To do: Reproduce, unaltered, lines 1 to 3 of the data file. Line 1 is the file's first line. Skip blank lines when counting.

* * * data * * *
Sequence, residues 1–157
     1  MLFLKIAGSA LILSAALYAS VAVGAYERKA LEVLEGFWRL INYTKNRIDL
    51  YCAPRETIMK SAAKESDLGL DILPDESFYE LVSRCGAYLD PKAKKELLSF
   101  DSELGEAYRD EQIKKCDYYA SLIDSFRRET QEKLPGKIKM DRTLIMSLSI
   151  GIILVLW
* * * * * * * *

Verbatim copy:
Sequence, residues 1–157
     1  MLFLKIAGSA LILSAALYAS VAVGAYERKA LEVLEGFWRL INYTKNRIDL
    51  YCAPRETIMK SAAKESDLGL DILPDESFYE LVSRCGAYLD PKAKKELLSF